Wednesday, September 8, 2010
Awesome interview with author, Erin Kellison and GIVEAWAY
What inspired you to write your first book? And what is it about?
My sister and I co-wrote a mystery-suspense, The Letter Thief. She called me up and suggested “on a whim” that we write a book together. It took us about five years from idea through final draft, and told the story of two sisters who get embroiled in a murder mystery that spans two continents and a thousand years of history. It was a blast to work with my sis on the project.
Shadow Bound is my first solo effort. It’s a paranormal romance/urban fantasy. I love both fantasy and romance, particularly in a contemporary setting, and decided to try my hand at it. Vampires and shifters are already so well-done, so I went with a banshee. Here’s the back cover blurb from Shadow Bound:
Some people will do anything to avoid it. Even trade their immortal souls for endless existence.
Secretly, inexorably, they are infiltrating our world, sucking the essence out of unsuspecting victims with their hideous parody of a kiss.
Adam Thorne founded the Institute to study and destroy his monster of a brother, but the key to its success is held in the pale, slender hand of a woman on the run. There is something hauntingly different about Talia O’Brien, her unknowing sensuality, her uncanny way of slipping into Shadow.
This is the place between life and what comes after - a dark forest of fantasy, filled with beauty, peril, mystery. And Talia is about to open the door.
Do any of your characters embody you?
Not wholly, no. Some have aspects of me though: Talia, the heroine of Shadow Bound, comes from an academic background. She’s quiet and research-minded. I pursued academia for a while. Got my masters in Anthropology and intended to go on for a PhD. Kids and writing intervened. Annabella, the heroine of Shadow Fall, is a ballerina. I similarly took ballet for years and performed in the corps of Giselle, which is featured in that book. But her personality is very different from mine. Actually, it’s a very cool feeling to put on someone else’s head for a time and live the story through their eyes.
What was your journey like from query to publication?
As I was writing Shadow Bound, I entered the first chapters into contests frequently. Via those contests, I received requests, which led to an offer. My contract was for two books, to be released back-to-back, so I set about writing the second book. I turned in Shadow Fall about five months later. Both books were revised the following fall and spring. While they were going through copy-edits, etc, I was working on Shadowman, which sold in a three-book deal. The first two books released at the same time the third book was due, so I had quite a whirlwind for a couple months.
How much did you freak out when you held your first book in your hands?
Holding the book was surreal. Actually, each milestone has been surreal. I haven’t had a jump-up-and-down-squealing moment. Mine are more the room-tilting-as-I-go-cold variety. Even now, the printed books astonish me. I have not read one though. I tried to crack one open once, but had to quickly put it down. It seemed like it was written in a foreign language, all jumbled and strange.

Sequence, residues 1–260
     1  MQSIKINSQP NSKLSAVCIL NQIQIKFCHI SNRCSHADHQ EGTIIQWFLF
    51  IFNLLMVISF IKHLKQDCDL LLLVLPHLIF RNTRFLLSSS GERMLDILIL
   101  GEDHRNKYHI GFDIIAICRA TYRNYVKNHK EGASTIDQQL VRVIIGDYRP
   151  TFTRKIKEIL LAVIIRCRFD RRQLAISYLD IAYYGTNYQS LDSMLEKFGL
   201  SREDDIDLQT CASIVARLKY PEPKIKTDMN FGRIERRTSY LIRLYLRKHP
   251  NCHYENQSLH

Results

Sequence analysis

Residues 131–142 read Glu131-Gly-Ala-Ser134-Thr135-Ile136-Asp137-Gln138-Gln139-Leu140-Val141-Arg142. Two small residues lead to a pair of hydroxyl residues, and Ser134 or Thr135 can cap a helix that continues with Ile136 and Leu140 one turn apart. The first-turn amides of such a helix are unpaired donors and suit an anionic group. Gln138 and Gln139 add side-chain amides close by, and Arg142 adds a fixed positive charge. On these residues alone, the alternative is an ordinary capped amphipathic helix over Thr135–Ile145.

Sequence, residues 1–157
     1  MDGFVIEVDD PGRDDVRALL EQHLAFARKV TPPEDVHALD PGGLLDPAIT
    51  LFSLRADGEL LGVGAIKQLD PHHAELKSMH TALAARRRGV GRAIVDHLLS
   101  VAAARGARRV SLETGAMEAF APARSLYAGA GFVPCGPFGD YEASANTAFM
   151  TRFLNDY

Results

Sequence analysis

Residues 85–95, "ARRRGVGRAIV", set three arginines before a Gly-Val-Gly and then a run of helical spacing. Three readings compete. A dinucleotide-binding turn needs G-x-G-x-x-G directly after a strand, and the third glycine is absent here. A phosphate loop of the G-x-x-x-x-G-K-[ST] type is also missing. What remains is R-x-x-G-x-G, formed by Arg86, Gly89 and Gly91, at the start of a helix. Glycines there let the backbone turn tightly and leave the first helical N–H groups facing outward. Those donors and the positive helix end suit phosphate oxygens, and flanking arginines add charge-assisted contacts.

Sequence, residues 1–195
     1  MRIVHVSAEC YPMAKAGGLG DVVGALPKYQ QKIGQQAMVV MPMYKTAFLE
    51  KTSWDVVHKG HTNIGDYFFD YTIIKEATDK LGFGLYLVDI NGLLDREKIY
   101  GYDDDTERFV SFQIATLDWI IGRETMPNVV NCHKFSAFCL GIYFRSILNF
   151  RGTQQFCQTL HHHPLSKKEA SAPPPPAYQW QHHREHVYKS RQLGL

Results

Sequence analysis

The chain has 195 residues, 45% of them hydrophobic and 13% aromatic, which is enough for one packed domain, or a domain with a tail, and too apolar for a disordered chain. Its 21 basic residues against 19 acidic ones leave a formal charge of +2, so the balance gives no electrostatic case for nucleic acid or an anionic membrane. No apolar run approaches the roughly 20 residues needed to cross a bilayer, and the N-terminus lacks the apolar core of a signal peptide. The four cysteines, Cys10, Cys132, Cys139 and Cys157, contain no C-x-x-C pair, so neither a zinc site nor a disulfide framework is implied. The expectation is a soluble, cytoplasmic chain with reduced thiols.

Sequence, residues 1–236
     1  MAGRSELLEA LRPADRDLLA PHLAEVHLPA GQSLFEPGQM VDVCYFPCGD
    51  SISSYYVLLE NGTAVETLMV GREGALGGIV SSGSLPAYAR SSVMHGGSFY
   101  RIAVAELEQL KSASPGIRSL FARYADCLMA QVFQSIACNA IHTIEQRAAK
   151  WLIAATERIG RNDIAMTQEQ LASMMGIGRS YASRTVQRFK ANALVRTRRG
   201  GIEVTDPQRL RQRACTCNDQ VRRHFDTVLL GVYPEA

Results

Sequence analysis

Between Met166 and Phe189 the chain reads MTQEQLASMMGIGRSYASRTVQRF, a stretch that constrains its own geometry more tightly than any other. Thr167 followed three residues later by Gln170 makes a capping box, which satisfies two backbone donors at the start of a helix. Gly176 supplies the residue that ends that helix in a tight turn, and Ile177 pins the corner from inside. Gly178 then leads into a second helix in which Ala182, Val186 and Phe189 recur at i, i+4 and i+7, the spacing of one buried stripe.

Do you have a support group or are you a lone literary wolf?
I have a fantastic support group that I meet with regularly. They’re a lifeline in what is largely a lonely pursuit. Our main activity is to critique each other’s ongoing projects, but we also celebrate successes and give hugs and cookies when things aren’t going well. I love those ladies. Speaking of successes, one of my crit peeps was just named a finalist in the Romantic Times/Kensington Brava Writing with the Stars contest. There were ten finalists out of five hundred. You can check her out at http://www.kckleinbooks.com./
Any advice for aspiring authors on how to deal with rejection?
Start your next book. Be super excited about your next book.
What are your current projects?
I’ve turned in book three in my Shadow series, Shadowman, to my editor, and I’m hard at work on book four.
Where can we get our hands on your books?
My books are available in print and e-formats at book retailers and online.
Do you have any advice for other writers?
First and favorite, kill your darlings (a quote I attribute to Stephen King, but have seen it attributed to others as well). If an element doesn’t serve your story, delete it. Don’t try to make it work because you love this or that tidbit. Don’t write around it. Get rid of it. The story always comes first. This was a pitfall for me, and one I sometimes recognize in others. The minute I realize something is a darling, I have a tremendous sense of relief. I can move forward, usually by getting rid of it.
Second, in the midst of queries, rejection, promotion, networking—all the biz side of publishing—locate yourself in your stories. Your writing should be where your passion and energy reside. Write regularly, adding word count daily. It’s very easy to be distracted by the business end.
Thanks, Erin! You rock!